New Hat uses Baselight to grade Richard Bowen's 'Little Sister'
When Santa Monica boutique post house New Hat decided to build a DI theatre last year, its aim was to provide independent filmmakers with access to the type of high quality post services that were once available only to major studio releases. Judging by its work on Little Sister, the new film from writer/director/cinematographer Richard Bowen, New Hat has hit the mark.
A retelling of the Cinderella story set in ancient China, Little Sister is a gorgeous film of ravishing landscapes, fairy tale costumes and magical storytelling. Shot by Bowen with the RED One camera, the film was one of the first projects to undergo final post in New Hat's new DI theatre. Acclaimed colourist Bob Festa performed the final grade in Baselight working directly with the camera original 4K R3D files in P3 colour space. As a result, the finished film, which screened recently at the Toronto Film Festival, is as visually spectacular as anything you are likely to see screening at the local multiplex.
New Hat's DI theatre provides a cinema-style grading environment and supports a non-linear, file-based workflow. The room is anchored by a Baselight FOUR grading system and also features a 14-foot Stewart screen, a Barco 2K projector and Blue Sky 5.1 audio. Work on Little Sister began by loading the camera original R3D files onto the facility's central SAN. Because Baselight has the ability to read those files natively, no transcoding was necessary and Festa was ready to proceed immediately with the grade.
New Hat chose to grade Little Sister in digital cinema P3 colour space even though Bowen had no immediate plans to produce a film master. The director initially intended to screen the film at festivals while seeking distribution and for that all he required were an HDCAM master, as well as Blu-ray and DVD copies. Still, New Hat reasoned that finishing the film at high resolution would save the director in the long run.
"A lot of post houses would have simply done an HD master pass, but we treated it as if it was going out to film, because one day, it will," explains New Hat technical director Michael Lafuente. "We've done all the work for the film out, so Richard won't have to come back to us to do another correction when he sells the film. It's already taken care of."
Festa had worked with Bowen on numerous previous occasions through the latter's role as a DP for television commercials, but this was the first time that they had collaborated on a feature film. "It was an incredible opportunity for me as a colourist to stretch out," Festa recalls. "The film was shot in China and has a number of classic looks. There are day exteriors, evening exteriors, fantasy sequences, an eclipse sequence, so, clearly, there were a lot of different colour interpretations that went into the project."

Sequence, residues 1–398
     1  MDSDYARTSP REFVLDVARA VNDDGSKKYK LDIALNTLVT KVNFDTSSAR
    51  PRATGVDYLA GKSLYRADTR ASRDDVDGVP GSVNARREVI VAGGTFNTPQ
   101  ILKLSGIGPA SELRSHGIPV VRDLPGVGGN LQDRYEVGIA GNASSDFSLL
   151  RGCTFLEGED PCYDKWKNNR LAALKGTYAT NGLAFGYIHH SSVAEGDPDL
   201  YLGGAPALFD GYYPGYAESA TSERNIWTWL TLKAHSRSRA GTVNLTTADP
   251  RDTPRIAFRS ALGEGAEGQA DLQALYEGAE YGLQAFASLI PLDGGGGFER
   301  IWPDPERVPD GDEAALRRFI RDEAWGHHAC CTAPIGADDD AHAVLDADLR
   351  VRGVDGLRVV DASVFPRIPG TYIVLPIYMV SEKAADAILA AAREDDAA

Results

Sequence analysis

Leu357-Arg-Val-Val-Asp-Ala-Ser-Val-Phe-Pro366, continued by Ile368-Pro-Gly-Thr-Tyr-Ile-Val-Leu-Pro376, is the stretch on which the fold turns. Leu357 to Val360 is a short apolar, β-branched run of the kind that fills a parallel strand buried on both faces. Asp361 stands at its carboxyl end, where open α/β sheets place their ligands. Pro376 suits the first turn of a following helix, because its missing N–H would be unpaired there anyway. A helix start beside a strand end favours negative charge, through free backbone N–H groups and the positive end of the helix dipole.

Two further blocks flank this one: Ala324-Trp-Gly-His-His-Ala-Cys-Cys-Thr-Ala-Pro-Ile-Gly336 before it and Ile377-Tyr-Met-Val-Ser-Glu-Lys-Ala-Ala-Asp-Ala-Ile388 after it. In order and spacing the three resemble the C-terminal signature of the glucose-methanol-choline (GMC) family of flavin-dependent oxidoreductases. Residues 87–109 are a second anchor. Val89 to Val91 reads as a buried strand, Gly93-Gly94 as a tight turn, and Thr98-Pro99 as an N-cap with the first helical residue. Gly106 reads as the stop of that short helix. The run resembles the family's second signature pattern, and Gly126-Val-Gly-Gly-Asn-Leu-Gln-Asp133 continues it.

Baselight's ability to work with the R3D files natively not only made for a more efficient workflow, it provided maximum creative flexibility, Festa points out. "With Baselight, I could grab the original camera information at the header of each R3D file," he says. "So, not only could I use the full dynamic range of the 4K file, I could re-profile the camera after the fact. I could change the exposure, contrast, colour balance, ISO settings, and so on.
"Richard Bowen is a very talented DP so that was rarely necessary, but if we needed to recapture a sky that was blown out, or if the base black was a little too dark, Baselight allowed us the luxury to alter the camera setting and make the shot more attractive. It's a tremendous benefit and every DP's dream."
The Baselight FOUR in the DI theatre is one of three Baselight systems at New Hat, with the other two installed in grading suites designed primarily for television commercials. All three, however, are attached to the same non-linear network and, using FilmLight's Truelight software, New Hat has the ability to calibrate the monitors in the three rooms with one another. That gives the facility a great deal of flexibility in managing its workflow. With regard to Little Sister, for example, primary grading was conducted in the DI theatre, but ancillary work was performed in one of the television suites.
"We used one of our television studios to produce Blu-ray and DVD deliverables," Festa notes. "Our workflow allows us to reserve our theatre for the heavy lifting film mastering, and do other work offline—that saves overhead."
Festa says that one of the things he likes best about having a DI theatre is that it gives him an opportunity to broaden his relationship with talented filmmakers, many of whom, like Bowen, are making the transition from commercials to features. This project was especially rewarding because it was a labour of love. "We had a great working relationship previously, so it was very easy for us to collaborate on this," Festa says. "It's wonderful to work with an experienced cinematographer like Richard because the images are already beautiful. At that point, it's easy for me to contribute and improvise, and do, what we both wanted to do, which was to craft something really special."